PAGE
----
Overhead view of a table with various contents of a tick-collection kit neatly laid out. Items include a bottle of bug repellent spray, tall white socks, a white cloth, two white plastic tubes, a roll of masking tape, a black Sharpie marker, small plastic vials, an empty plastic zip-lock bag, a magnifying glass, a zip-lock bag with cotton balls and blue rubber gloves inside, two large nails, white string, a "tick blitz data collection sheet," a pamphlet titled "Insect Repellent Essentials: A Brief Guide," and a card titled "Life Cycle of the Blacklegged Tick."

Tick Blitz: How Community Science is Helping New York State Monitor Ticks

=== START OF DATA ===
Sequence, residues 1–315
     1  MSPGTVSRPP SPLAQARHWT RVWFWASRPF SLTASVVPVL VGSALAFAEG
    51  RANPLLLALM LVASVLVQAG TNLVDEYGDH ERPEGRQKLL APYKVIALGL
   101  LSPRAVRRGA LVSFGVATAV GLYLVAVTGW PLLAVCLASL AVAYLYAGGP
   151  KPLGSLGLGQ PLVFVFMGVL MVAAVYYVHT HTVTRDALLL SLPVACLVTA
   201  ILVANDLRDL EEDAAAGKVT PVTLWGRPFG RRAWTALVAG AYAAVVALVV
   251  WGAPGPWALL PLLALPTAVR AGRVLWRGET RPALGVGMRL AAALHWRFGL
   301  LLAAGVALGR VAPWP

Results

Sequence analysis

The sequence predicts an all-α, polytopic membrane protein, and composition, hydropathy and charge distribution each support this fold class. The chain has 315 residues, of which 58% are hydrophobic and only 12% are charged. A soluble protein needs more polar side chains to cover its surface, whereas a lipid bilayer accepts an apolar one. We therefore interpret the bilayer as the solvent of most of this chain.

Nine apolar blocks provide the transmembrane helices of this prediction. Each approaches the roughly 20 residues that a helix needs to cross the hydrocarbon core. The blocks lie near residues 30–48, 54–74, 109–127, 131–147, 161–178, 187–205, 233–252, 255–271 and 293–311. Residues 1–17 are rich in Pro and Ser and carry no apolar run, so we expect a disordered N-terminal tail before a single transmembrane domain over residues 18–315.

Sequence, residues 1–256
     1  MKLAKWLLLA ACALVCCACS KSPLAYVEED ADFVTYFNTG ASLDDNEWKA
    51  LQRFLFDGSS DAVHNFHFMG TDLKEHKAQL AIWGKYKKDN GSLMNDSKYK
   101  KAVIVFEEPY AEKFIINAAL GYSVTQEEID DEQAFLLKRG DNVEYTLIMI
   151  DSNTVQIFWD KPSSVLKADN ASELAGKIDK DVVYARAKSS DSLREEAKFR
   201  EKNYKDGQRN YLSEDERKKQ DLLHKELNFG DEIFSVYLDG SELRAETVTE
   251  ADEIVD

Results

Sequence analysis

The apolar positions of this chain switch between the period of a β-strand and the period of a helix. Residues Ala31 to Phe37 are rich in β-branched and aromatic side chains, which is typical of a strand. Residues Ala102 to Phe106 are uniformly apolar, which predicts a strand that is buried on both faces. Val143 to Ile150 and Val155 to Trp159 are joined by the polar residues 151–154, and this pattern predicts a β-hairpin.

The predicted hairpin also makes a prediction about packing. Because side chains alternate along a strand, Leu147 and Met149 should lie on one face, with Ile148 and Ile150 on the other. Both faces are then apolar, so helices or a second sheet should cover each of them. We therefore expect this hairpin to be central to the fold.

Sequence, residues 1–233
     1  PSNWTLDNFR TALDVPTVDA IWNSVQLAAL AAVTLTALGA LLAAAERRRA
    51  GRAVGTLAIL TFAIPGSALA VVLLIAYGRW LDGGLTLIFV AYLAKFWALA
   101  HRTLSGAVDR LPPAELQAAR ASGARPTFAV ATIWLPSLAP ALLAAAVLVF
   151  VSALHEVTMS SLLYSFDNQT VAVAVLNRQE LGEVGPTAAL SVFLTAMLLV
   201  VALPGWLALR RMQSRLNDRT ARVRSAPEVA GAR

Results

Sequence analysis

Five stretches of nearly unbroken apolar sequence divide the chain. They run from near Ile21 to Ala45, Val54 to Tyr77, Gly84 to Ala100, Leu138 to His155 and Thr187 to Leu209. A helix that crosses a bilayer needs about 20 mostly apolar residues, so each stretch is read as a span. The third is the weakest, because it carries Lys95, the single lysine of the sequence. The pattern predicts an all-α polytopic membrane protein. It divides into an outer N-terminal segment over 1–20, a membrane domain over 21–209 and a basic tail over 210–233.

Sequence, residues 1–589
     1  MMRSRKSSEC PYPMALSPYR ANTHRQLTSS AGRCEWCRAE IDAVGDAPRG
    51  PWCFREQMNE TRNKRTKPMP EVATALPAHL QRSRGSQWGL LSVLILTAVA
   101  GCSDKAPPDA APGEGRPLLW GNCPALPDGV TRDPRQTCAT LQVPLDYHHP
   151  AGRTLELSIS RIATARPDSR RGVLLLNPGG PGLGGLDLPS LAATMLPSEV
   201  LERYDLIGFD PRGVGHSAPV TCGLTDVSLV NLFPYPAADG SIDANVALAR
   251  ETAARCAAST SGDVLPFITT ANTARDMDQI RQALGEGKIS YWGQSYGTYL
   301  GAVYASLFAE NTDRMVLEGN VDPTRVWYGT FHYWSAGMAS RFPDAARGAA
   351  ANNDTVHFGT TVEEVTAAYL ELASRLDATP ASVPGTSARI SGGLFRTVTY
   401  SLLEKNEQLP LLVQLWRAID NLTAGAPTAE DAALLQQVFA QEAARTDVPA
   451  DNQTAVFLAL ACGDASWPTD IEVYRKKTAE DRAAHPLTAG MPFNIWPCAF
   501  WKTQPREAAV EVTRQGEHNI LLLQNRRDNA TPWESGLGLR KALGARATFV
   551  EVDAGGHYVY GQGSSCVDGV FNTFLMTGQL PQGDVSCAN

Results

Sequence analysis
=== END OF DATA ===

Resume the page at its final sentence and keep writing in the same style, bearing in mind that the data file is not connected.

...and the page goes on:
With a little bit of training, 59 citizen scientists in New York collected more than 3,700 ticks across 15 counties in a two-week period in the summer of 2021, greatly expanding the reach of professional tick researchers at the Northeast Regional Center for Excellence in Vector-Borne Diseases. The "New York State Tick Blitz" is now an annual project and a model that tick-surveillance programs elsewhere can follow.

Closeup of brown, fuzzy kiwifruit hanging from a horizontal branch in an orchard, with a grower's hand reaching up to pick the fruit from below.

Next Time You Eat a Kiwifruit, Don’t Thank a Bee

Honey bees and bumble bees excel at pollinating wide varieties of plants and crops, but kiwifruit is not one of them. A study investigating kiwifruit pollination methods found fruit developed on barely 3 percent of bee-pollinated flowers, leaving artificial pollination (by human hand) as the primary choice for kiwifruit growers.